I'm using the equations given on this page to price forwards on an equity.

It's a basic equation that discounts dividends.

But my question is: What do we do about dividends that occur after the forward's expiration date?

For example, consider a stock that pays dividends on the last day of every month in the year. Say I want to price the forward that expires on the 15th of March. According to that webpage, I only need to discount dividends paid on January 1st, February 1st, and March 1st. But what about the dividend that will be paid on April 1st. On March 15th, we would be halfway through the month and the stock will have accrued half of the value of the next dividend. So how should I treat months after the forward? Thanks.

  • $\begingroup$ Only the price of the stock on expiration and dividends received during the term of the forward count. (The dividends received after the expiration date may well influence the price of the stock on expiration, but that is already counted, no need to double count). $\endgroup$
    – nbbo2
    Commented Oct 30, 2017 at 21:38
  • $\begingroup$ Right, but we don't know the stock price on expiration, just the spot price. Do you mean that is somehow already built into the spot price? $\endgroup$ Commented Oct 30, 2017 at 21:40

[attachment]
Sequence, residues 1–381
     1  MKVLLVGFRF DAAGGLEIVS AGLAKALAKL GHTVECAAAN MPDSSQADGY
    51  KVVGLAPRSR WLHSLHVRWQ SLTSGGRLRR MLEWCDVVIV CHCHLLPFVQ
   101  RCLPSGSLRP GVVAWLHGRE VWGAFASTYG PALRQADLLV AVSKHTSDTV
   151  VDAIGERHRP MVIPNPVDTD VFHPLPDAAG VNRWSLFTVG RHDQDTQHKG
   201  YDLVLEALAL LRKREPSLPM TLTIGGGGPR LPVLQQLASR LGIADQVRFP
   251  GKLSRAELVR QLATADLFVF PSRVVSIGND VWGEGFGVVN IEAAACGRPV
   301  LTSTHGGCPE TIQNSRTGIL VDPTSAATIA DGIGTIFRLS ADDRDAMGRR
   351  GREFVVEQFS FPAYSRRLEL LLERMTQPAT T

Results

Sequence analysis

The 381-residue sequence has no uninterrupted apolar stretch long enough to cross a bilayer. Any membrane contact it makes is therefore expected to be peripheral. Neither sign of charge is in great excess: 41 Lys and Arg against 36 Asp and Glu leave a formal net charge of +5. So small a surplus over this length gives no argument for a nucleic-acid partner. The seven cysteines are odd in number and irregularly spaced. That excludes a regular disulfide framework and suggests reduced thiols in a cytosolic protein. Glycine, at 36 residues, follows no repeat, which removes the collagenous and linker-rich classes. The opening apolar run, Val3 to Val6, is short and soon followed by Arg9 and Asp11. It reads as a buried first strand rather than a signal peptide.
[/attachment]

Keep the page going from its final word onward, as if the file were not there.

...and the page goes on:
1 Answer 1


A long equity forward position initiated at $t=0$ for delivery at $T$ can be replicated by borrowing cash to purchase the stock at $t=0$, carrying that stock up to $T$ and paying the interests on the cash borrowed (cash & carry). This shows that the forward price is basically the cost of funding the equity purchase.

Now if the stock pays dividends the proceeds can be reinvested, which contributes to decreasing the effective funding cost. Obviously only the dividends falling over the replication period $]0,T]$ can be reinvested and hence matter in pricing the forward $F(0,T)$.

In practice there is an additional complication due to the 'ex-dividend' date versus 'payment' date discrepancy but the idea remains the same.


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